After being terminated from Farrell Area School District as the high school principal in July 2008, it has been found that Lee V. McFerren was unjustly fired and the school board did not have sufficient evidence for his termination.


On April 8, Judge Mary Hannah Leavitt of the Commonwealth Court of Pennsylvania, wrote and filed a majority opinion on behalf of herself and judges Keith B. Quigley and Renée Cohn Jubelirer that states, “…The district’s evidence did not prove that it had a ‘valid cause’ to discharge McFerren. Accordingly, the secretary’s decision is reversed.”

McFerren declined to discuss the opinion and his feelings, but did refer the New Pittsburgh Courier to his lawyer.

Barbara Seman-Ochs, McFerren’s attorney, could not comment because of litigation that is still pending against the Farrell Area School District, but did give a statement that states, “The opinion of the Commonwealth Court is insightful and well reasoned. Mr. McFerren is pleased to have been vindicated. The litigation with the Farrell Area School is not concluded and so I have no further comment at this time.”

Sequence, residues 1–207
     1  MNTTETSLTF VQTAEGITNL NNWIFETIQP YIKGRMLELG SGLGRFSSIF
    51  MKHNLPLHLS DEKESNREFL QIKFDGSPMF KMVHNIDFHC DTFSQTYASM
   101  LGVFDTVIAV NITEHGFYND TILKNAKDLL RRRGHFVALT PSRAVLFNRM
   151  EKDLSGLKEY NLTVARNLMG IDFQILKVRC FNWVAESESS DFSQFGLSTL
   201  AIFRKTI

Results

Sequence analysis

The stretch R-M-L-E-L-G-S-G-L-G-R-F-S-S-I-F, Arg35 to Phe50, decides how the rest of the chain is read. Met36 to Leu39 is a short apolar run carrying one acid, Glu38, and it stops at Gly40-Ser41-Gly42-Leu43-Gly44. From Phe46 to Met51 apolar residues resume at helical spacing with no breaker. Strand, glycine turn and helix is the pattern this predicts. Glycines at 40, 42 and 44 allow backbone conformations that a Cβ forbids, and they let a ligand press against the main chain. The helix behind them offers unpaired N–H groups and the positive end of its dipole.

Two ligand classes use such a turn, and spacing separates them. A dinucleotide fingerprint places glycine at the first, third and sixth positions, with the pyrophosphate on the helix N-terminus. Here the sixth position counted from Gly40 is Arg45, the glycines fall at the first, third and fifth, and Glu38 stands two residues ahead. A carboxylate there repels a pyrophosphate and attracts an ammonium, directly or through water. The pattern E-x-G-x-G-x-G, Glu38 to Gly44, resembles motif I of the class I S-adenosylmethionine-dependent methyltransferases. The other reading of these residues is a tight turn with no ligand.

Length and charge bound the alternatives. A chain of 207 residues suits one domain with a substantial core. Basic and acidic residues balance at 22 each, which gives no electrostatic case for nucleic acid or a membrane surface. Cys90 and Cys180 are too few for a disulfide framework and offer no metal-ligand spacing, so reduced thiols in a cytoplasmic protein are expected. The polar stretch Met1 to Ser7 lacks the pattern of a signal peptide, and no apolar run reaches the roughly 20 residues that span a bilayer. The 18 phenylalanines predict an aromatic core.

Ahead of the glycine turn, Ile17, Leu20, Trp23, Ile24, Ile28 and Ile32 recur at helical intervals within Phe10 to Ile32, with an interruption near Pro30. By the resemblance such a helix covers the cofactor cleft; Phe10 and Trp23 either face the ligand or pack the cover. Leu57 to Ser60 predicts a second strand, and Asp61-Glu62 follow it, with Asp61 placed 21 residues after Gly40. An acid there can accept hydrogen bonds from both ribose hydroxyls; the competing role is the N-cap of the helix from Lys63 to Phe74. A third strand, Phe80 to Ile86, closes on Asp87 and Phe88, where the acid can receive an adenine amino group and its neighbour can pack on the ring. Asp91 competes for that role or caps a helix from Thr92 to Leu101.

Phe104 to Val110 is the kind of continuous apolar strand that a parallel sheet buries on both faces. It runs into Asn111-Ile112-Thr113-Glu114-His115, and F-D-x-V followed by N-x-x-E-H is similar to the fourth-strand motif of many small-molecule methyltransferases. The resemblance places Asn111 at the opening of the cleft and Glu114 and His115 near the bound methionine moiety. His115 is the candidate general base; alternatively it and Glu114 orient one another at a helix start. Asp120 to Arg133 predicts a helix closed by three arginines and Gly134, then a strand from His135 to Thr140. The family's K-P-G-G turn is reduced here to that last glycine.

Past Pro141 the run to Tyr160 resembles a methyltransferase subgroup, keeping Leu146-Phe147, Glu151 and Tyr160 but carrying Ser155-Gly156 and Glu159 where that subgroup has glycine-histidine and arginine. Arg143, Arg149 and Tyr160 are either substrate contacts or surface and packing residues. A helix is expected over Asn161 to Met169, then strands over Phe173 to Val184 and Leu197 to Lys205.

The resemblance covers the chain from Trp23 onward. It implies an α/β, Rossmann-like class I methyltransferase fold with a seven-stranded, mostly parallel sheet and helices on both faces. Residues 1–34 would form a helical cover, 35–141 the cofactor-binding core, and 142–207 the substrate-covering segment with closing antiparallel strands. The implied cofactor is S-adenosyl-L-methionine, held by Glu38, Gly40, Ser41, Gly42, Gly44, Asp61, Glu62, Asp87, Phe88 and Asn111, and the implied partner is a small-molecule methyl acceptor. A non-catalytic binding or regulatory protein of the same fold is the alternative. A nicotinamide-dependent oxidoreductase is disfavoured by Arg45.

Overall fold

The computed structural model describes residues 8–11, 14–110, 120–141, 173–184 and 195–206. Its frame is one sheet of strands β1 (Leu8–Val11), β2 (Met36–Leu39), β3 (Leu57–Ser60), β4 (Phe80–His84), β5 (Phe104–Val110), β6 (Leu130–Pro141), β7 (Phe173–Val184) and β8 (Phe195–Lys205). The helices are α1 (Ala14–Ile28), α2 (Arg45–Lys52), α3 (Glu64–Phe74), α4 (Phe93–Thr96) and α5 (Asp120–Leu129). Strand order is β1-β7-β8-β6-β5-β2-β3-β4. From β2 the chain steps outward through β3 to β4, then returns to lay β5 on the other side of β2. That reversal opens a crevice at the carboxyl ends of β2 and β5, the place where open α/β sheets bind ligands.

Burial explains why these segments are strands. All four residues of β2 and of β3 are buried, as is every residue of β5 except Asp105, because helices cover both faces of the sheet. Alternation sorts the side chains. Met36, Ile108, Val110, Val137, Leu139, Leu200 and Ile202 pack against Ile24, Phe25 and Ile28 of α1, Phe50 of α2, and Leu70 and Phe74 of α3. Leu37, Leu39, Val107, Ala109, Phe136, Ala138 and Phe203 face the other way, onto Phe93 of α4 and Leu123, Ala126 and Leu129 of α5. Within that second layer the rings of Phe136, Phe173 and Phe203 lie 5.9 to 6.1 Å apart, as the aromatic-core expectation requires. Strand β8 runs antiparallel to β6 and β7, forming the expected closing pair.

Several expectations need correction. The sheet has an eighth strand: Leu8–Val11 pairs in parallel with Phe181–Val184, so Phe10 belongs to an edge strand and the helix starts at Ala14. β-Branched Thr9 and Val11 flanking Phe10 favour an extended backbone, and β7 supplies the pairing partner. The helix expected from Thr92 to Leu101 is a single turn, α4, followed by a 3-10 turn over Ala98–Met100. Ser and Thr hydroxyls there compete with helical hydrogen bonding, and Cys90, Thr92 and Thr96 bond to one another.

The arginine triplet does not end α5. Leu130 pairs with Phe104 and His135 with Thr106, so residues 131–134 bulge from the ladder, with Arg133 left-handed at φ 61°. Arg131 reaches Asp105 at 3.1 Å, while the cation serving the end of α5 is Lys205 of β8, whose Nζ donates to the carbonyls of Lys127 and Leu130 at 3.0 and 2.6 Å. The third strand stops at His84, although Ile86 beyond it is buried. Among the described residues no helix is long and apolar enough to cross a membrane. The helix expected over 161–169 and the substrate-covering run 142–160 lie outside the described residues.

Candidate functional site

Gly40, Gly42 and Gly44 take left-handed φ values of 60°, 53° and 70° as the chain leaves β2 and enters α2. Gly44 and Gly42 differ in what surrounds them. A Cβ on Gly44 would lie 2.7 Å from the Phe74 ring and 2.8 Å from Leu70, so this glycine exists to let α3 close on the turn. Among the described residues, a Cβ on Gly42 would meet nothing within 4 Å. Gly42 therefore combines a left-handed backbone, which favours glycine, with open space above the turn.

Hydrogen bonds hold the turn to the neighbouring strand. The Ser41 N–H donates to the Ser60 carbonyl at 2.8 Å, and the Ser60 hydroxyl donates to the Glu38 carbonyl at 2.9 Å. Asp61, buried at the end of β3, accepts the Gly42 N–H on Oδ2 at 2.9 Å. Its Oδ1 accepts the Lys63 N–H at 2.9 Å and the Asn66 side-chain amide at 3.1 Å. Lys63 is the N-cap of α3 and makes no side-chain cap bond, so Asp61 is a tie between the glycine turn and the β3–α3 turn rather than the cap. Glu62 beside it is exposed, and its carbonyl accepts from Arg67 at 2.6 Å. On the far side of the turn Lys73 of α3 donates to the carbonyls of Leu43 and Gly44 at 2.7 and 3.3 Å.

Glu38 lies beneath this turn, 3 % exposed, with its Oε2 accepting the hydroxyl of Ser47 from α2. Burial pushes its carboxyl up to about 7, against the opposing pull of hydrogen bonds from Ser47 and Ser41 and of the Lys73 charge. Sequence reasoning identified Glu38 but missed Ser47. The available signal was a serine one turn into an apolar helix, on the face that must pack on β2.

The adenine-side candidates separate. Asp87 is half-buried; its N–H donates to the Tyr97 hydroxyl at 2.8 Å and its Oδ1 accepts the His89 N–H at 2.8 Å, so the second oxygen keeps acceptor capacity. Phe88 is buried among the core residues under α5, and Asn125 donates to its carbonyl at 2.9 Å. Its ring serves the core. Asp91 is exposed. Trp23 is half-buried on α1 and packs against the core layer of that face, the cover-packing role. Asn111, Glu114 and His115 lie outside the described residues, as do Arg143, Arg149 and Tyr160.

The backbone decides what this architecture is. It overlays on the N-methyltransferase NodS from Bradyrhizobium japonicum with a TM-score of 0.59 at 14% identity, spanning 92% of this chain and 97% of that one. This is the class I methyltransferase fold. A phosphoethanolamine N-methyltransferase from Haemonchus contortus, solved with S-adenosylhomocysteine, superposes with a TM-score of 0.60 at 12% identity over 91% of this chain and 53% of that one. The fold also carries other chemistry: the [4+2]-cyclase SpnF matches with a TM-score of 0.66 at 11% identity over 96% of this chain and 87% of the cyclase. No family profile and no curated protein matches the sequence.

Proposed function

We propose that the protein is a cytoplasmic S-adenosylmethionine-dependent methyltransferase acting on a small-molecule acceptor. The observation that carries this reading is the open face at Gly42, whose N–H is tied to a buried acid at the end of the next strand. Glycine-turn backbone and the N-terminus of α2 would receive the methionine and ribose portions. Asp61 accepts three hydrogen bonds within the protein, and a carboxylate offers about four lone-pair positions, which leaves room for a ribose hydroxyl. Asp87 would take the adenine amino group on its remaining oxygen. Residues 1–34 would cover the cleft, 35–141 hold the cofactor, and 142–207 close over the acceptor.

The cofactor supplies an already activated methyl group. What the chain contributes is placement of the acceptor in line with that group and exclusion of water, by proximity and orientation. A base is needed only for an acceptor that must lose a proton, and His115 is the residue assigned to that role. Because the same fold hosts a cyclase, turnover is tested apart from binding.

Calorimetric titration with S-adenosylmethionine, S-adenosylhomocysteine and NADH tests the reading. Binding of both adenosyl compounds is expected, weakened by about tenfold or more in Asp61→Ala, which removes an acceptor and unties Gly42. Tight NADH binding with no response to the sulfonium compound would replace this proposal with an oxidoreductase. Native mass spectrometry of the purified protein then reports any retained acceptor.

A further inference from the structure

McFerren was allegedly hired to “clean-up” the high school and was terminated by the school board after complaints from several teachers and board members. There were 44 allegations of wrongful doings and 112 findings of fact filed against him.

He went from having an evaluation score of approximately 98 percent and being named the assistant to the superintendent to being fired.

Judge Leavitt’s opinion also stated, “The relationship between the district’s school board and McFerren was an unhappy one. However, the board had a contractual commitment to McFerren, which included an obligation to work with him to move his performance in the direction it desired. Had the board done so, as required by its own District Policy 424, McFerren may have become the high school principal that the board members envisioned. If he did not, then the board would have been able to make out a case for dismissal prior to the end of the contract.”

Although this matter is far from over and this opinion does not get McFerren reinstated, it is another step for his case against the district.

Also On New Pittsburgh Courier:
comments – Add Yours